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CR 33:43-54 (2006)  -  doi:10.3354/cr033043

Economics and climate applications: exploring the frontier

Debra J. Rubas1,*, Harvey S. J. Hill2, James W. Mjelde3

1United States Department of Agriculture, Foreign Agricultural Service, 1400 Independence Avenue SW, Stop 1034, Washington, DC 20250, USA
2Agriculture and Agri-Food Canada, Prairie Farm Rehabilitation Administration, Room 1101, 11 Innovation Blvd., Saskatoon, Saskatchewan S7N3H5, Canada
3Department of Agricultural Economics, Texas A&M University, College Station, Texas 77843-2124, USA

ABSTRACT: The economics of information is a broad field covering all aspects of information including decision making. We briefly describe 4 methods used to model the decision-making process. This is not an exhaustive list of the methods used to value information, nor are differences between the methods clearly definable. Examples of previous studies using each methodology are presented, as are tradeoffs between the methodologies. Climate forecast issues are generally treated by economists as applied problems. Though applied studies are extremely important, we believe climate forecast issues have the potential for more innovative and rigorous treatment that could lead to theoretical advances in the economics of information. Several examples of researchable issues that we believe could lead to such advances (e.g. the use of climate forecasts in pollution trading; natural disaster mitigation) are then discussed. Maximum benefits can be attained from such a research process that involves policy-makers and end-users, as well as other scientists.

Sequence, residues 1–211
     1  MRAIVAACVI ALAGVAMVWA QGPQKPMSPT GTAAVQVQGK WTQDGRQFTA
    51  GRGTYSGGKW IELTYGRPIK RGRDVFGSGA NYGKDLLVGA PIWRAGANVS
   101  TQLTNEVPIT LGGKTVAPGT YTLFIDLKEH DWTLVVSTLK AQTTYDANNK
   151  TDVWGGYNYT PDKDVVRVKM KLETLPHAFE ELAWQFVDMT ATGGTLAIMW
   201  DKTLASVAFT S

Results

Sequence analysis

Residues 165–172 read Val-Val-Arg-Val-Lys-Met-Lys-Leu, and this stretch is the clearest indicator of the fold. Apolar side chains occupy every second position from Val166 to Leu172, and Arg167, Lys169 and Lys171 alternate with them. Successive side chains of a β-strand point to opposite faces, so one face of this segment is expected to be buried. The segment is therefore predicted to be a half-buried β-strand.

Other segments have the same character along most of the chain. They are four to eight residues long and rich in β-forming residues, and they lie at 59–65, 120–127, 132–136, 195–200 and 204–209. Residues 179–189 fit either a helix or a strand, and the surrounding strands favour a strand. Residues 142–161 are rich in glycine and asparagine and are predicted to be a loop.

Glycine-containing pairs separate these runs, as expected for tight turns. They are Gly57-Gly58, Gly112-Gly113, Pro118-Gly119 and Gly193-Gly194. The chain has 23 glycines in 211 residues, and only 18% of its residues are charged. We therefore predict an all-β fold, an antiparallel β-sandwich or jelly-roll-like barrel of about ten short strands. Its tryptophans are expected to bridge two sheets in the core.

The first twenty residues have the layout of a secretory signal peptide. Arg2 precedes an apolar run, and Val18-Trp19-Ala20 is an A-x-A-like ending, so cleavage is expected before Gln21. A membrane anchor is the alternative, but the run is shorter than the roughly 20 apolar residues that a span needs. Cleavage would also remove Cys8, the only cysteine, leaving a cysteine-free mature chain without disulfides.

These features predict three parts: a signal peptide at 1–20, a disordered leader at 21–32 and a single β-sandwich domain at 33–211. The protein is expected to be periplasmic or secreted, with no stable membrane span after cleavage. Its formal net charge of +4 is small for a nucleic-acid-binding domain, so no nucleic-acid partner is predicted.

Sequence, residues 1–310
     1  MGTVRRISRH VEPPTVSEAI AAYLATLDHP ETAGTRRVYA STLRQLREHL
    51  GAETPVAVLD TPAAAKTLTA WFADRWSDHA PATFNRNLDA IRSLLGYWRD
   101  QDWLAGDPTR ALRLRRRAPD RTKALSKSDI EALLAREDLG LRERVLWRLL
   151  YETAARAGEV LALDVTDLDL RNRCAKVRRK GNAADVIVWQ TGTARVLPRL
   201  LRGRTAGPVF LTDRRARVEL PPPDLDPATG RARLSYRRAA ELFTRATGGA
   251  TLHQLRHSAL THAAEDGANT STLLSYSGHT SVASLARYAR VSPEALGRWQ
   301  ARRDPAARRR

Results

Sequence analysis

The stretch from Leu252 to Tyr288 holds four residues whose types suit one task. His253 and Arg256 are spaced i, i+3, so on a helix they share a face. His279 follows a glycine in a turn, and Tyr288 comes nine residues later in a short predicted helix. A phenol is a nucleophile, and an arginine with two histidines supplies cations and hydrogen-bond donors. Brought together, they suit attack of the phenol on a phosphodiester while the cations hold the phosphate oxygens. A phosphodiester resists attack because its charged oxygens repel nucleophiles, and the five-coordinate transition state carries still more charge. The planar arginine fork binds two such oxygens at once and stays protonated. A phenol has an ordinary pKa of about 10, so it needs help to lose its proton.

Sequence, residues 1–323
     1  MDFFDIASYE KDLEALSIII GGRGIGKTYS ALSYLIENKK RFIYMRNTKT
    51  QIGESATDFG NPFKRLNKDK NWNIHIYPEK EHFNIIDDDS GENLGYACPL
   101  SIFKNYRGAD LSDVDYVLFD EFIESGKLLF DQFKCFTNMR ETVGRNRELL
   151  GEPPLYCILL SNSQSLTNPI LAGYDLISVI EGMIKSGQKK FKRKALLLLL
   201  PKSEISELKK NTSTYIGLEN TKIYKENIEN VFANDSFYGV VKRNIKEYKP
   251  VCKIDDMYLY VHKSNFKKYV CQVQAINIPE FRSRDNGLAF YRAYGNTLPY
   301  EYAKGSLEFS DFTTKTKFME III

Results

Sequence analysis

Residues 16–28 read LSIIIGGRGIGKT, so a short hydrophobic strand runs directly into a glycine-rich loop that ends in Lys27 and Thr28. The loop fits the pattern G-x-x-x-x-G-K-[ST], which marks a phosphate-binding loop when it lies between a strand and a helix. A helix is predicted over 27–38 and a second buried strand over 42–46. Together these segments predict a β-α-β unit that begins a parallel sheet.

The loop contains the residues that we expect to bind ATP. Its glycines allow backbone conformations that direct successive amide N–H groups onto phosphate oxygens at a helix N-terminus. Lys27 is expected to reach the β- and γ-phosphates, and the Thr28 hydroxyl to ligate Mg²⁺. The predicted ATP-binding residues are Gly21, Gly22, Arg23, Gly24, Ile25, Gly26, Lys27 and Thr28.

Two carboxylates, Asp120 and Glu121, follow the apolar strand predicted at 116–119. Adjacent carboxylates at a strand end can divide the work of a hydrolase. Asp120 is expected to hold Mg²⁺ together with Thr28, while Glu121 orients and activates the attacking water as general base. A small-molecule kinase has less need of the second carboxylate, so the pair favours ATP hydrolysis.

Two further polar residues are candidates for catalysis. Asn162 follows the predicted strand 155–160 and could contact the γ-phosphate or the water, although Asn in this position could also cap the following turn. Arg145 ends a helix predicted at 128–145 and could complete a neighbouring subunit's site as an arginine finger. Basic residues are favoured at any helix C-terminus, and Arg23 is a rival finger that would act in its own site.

KEY WORDS: Economics · Climate applications · Decision theory · General equilibrium modeling · Game theory · Mechanism design theory

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